Via America’s Lawyer: Mike Papantonio and Trial Magazine Executive Editor Farron Cousins discuss how President Trump is packing our courts with pro-corporate judges who are young enough to reshape the Judiciary for the next 40 years.
*This transcript was generated by a third-party transcription software company, so please excuse any typos.
Mike Papantonio: The pro corporate judges that president Trump keeps putting in the judiciary are getting younger and younger and this means that our judicial branch could be in the hands of corporatists for the next 40 to 50 years. Let me tell you, I saw, of course these stories are so rare because it’s almost as if, I mean this is almost as if media doesn’t understand this whole, they really don’t.
You and I have been talking about this story for so long that I, I mean, I can remember 15 years ago us talking about court packings taking place and that all that the, the Liberal Progressive Democrats really cared about were social issues. You know, gender issues, same sex marriage, abortion issues. And while they were paying attention to that, these, these corporatist judges were being appointed. They were typically judges who had worked for corporations for other entire career.
The only money they ever got from corporation was a, is a lawyer, was from corporations. They all, if it came down to corporation versus consumer, consumer always loses. That’s the way they came up. The irony is that if you ask most trial judge, most trial lawyers who actually in front of judges right now day to day I am, for example, you’ll find that they’ll tell you that the Obama appointments were just as bad as the Bush appointments.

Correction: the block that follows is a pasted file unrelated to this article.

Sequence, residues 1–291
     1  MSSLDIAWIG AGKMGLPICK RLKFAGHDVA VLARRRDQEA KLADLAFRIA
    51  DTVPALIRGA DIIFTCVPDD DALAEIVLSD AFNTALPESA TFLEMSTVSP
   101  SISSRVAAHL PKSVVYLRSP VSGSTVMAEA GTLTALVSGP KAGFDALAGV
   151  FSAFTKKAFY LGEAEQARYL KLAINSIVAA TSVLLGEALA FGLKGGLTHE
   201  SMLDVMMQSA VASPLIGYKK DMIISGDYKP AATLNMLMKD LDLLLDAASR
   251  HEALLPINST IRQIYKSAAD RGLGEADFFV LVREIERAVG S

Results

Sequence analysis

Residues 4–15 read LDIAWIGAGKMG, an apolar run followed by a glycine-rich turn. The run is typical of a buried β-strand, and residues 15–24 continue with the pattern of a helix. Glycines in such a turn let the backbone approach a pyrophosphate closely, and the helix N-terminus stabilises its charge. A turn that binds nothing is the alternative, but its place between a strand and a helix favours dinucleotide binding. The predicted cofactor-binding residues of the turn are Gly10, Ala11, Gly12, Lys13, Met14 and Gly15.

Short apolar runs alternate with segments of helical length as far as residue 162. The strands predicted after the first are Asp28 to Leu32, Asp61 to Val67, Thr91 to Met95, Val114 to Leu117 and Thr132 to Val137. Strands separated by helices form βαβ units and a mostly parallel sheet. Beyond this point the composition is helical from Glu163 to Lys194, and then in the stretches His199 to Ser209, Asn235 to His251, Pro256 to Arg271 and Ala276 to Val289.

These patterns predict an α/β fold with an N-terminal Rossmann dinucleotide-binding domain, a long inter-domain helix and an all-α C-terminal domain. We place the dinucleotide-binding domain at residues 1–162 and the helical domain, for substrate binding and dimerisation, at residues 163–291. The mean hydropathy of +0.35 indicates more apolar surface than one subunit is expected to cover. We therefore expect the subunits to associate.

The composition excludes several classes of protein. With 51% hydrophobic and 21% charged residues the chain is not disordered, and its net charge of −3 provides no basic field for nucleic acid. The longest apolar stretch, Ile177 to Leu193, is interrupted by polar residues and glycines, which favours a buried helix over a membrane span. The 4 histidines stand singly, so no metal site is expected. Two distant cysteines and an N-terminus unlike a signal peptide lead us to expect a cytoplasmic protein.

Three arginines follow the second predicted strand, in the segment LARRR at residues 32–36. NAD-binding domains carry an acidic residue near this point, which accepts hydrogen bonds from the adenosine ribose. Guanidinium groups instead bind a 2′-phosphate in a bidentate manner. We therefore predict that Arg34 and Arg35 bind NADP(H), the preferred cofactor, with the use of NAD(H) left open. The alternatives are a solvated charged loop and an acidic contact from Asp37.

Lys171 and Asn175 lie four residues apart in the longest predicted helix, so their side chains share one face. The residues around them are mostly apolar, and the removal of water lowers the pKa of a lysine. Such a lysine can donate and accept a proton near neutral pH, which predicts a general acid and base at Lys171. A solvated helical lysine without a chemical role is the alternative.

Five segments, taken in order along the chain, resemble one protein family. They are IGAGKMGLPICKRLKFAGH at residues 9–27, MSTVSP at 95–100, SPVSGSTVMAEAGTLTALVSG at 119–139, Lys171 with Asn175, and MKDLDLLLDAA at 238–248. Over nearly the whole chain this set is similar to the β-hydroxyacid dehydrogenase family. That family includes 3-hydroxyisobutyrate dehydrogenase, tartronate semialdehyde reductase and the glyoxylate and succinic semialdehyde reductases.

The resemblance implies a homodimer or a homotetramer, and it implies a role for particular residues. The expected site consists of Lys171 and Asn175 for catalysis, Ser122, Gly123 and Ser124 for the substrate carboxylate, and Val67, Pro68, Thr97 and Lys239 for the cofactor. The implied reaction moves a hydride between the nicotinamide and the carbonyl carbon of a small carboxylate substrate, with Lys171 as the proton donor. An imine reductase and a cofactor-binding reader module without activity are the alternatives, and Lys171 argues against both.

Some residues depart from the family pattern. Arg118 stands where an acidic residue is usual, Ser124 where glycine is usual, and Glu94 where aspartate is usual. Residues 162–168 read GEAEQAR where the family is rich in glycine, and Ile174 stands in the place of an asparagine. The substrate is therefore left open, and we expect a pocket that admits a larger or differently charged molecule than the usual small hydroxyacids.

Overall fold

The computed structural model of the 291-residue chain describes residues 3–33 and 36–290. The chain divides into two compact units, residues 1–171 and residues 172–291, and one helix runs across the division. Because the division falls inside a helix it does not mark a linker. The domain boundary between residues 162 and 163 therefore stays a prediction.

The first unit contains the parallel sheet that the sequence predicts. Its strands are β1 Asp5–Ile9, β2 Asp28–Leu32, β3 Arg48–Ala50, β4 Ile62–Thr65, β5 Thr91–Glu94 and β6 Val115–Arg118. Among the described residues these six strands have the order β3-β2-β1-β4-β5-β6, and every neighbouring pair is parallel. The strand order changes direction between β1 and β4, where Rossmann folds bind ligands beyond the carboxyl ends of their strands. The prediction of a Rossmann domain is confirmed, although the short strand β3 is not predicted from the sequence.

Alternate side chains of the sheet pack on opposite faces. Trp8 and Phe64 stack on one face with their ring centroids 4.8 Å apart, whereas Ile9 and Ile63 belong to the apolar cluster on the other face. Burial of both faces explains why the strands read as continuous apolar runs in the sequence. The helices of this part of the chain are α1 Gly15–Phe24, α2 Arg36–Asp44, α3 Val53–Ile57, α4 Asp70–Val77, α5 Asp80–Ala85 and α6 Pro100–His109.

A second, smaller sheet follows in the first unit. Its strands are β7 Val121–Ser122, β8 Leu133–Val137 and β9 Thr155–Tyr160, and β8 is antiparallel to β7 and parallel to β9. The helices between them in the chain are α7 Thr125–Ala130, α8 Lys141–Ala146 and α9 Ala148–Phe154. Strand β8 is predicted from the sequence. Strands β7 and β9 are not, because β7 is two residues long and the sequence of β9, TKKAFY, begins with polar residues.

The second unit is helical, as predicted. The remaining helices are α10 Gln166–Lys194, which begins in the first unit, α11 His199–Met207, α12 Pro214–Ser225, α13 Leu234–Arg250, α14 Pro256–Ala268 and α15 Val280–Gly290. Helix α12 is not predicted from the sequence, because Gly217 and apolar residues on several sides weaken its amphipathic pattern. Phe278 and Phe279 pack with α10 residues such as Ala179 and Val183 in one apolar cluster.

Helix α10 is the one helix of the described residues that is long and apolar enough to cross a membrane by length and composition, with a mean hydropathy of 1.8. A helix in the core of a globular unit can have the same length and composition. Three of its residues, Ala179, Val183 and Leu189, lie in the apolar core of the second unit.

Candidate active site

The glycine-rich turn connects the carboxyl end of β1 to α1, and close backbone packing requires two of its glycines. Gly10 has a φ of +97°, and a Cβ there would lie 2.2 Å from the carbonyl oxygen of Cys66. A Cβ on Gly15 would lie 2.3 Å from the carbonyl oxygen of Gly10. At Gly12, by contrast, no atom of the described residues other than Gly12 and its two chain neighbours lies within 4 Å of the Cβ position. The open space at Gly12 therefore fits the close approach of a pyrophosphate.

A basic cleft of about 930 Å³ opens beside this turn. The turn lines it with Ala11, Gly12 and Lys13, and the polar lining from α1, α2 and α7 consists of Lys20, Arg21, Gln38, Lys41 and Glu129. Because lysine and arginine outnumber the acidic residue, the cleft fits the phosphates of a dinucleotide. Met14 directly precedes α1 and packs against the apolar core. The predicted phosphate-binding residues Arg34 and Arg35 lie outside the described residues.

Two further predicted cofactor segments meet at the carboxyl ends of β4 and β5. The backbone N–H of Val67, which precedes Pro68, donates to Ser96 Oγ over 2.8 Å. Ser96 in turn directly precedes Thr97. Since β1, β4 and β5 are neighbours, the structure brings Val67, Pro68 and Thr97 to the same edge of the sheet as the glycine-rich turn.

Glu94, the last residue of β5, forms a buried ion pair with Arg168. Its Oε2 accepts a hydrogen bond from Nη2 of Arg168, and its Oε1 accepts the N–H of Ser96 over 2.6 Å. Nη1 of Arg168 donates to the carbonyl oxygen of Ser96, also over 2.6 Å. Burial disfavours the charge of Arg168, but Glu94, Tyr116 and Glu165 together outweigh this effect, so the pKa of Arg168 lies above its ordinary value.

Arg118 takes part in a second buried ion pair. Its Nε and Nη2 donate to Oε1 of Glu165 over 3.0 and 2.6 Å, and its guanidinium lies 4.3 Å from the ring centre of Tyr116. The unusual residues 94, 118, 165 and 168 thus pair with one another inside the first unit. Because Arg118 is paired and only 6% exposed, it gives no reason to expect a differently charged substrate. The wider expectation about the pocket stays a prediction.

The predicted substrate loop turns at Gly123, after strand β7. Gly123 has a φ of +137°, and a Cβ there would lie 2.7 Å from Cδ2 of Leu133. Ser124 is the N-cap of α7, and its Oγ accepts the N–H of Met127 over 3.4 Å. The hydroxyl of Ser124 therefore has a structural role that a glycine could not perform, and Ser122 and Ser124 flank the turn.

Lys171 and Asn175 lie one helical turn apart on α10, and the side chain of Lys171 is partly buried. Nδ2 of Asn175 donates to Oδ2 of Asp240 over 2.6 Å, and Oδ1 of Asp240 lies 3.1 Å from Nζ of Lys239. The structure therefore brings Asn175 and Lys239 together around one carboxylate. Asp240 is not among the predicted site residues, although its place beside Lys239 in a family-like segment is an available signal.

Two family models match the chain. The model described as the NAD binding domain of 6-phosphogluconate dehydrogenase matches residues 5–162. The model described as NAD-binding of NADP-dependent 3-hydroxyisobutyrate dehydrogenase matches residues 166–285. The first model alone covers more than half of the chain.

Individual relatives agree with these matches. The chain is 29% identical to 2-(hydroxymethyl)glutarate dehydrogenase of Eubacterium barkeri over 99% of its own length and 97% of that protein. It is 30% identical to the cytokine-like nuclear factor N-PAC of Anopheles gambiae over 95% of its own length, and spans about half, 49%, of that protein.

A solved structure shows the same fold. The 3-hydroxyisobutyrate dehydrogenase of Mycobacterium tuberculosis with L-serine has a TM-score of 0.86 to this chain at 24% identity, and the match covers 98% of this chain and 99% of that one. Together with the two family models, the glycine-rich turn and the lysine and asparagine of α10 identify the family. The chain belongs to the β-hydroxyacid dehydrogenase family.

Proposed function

The Bush appointments which were just as bad as the Reagan appointments. That Clinton appointments were just as bad as all of them for the most part. That’s it. There’s always obviously very important exceptions to that, but it’s because these appointments always focus on social issues, not environmental or consumer issues or Wall Street versus consumer, consumer threat, theft. They never focus there. What’s your take?
Farron Cousins: Right. We have a lot of judges on the bench right now that are great on social issues, but they also did come from these big corporate defense law firms and they do, Obama appointed one who actually undid his overtime rule that would have given American workers a raise. But this was also a judge that was great on social issues. And now we have these people here. The most reason one Allison Jones Rushing, 36 years old. I mean, one of the youngest ever district judges, she has been confirmed. So you assume good health because it’s going to be a high paying job with great benefits.
This woman can now sit on the bench for 40 to 50 years, you know, depending on health and that’s just one. We’ve got Eric Murphy, Chad Readler, 39 years old and 46. So not only do Republicans understand the real powers in the lower courts, but they also understand how are we going to make this our legacy? Well you do that by appointing somebody who’s going to sit on that bench for 30, 40, even 50 years.